Halfen Group Research Overview

Research in the Halfen group deals in general with catalysis, as found in biological systems and as applied in industry. Our current primary focus is the development of new transition metal catalysts for the aziridination of olefins. We are also involved in the preparation of synthetic models for metalloenzymes that protect biological systems against the toxic effects of the radical anion superoxide. We use the tools of single crystal X-ray diffraction, FTNMR, FTIR, UV-Visible, EPR (in collaboration with Prof. Lawrence Que at the University of Minnesota) and mass spectroscopies to assist in our research efforts.

Metal-Mediated Olefin Aziridination

Aziridines (at right) are reactive heterocycles that are useful intermediates in multistep organic syntheses, and have also been identified as critical components of several potent antitumor agents. Our research focuses on the use of copper complexes as catalysts for the preparation of aziridines from two organic synthons: olefins (which provide the two carbons found in the three-membered aziridine ring) and a nitrene source (which provides the nitrogen).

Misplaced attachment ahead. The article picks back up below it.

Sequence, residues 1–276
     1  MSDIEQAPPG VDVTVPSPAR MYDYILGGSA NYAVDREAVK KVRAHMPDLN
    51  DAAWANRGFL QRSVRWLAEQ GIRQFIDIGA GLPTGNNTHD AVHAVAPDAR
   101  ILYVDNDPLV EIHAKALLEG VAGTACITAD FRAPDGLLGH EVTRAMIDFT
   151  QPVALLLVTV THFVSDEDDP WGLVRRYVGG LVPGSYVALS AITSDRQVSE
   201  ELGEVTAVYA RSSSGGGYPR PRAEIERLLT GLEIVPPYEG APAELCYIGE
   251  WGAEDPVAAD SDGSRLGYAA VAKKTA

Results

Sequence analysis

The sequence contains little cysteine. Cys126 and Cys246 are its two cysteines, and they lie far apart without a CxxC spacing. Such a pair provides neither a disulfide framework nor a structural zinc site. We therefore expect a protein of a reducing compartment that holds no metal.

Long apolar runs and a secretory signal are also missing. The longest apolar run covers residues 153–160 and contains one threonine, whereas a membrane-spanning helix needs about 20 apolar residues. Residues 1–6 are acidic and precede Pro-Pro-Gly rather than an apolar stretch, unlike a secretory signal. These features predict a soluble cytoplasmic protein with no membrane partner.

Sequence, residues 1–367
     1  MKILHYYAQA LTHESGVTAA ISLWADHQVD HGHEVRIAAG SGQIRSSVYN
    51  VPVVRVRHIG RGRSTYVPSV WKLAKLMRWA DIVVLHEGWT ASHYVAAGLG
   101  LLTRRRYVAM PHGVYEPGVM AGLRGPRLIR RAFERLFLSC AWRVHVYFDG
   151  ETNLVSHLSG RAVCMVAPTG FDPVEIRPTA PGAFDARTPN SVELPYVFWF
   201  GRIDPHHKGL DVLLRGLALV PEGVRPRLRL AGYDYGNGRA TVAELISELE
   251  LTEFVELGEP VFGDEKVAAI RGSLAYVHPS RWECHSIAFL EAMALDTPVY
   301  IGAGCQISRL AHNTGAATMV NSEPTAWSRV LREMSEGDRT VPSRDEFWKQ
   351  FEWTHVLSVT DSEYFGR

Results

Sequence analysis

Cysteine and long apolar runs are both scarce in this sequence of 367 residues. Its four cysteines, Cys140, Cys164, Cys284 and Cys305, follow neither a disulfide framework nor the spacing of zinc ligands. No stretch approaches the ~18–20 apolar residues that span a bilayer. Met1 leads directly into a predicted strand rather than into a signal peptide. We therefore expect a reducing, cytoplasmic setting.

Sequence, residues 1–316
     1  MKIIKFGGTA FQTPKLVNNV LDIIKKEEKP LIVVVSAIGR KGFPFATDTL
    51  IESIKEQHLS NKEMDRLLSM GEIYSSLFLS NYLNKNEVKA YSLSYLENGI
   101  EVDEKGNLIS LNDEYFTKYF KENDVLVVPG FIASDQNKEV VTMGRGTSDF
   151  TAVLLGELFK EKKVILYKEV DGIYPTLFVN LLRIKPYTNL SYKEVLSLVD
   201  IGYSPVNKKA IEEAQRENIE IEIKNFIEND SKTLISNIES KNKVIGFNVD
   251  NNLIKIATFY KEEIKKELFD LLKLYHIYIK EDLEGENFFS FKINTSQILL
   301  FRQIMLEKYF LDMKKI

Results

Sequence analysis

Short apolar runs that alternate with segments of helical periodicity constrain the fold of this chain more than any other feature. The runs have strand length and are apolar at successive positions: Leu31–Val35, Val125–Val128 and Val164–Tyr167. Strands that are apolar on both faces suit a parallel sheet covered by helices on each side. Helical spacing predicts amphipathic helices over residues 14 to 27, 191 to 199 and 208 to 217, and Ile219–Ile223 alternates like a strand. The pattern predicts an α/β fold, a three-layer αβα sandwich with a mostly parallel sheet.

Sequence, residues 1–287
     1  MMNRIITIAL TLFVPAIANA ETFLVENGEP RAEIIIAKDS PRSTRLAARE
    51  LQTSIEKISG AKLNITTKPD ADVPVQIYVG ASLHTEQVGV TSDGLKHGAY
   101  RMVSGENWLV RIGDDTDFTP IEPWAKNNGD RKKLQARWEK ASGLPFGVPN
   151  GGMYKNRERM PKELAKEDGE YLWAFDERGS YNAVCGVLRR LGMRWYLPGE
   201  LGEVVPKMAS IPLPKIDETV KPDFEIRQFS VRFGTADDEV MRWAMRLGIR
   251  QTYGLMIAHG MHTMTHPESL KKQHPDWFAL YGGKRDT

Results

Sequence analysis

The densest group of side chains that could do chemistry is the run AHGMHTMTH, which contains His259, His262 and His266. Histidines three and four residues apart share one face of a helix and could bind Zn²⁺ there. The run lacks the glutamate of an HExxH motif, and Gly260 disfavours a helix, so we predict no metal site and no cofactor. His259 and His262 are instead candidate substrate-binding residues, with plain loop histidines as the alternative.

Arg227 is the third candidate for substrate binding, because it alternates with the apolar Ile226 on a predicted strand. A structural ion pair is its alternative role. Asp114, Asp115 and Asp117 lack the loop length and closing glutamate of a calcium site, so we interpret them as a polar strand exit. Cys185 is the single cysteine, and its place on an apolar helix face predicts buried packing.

Our initial efforts resulted in the preparation of a new copper(II) catalyst derived from a hindered triazacyclononane ligand, the X-ray crystal structure of which is shown at right. This complex was shown to effect the aziridination of styrene derivatives in nearly quantitative yields. Most significant was the observation that high yields of aziridines could be obtained at very low catalyst loadings (0.5 mol% catalyst), an order of magnitude less than is required for other copper catalysts.


More recently, we have prepared a family of copper(II) catalysts supported by tetradentate, bis(pyridyl)-appended macrocycles. These complexes, such as the example shown at right, also function as catalysts for the aziridination of styrene. However, reactions catalyzed by these complexes proceed at a very slow rate, suggesting that some dynamic process in solution precedes generation of the active catalyst species.






X-ray Crystallography


Financial Support




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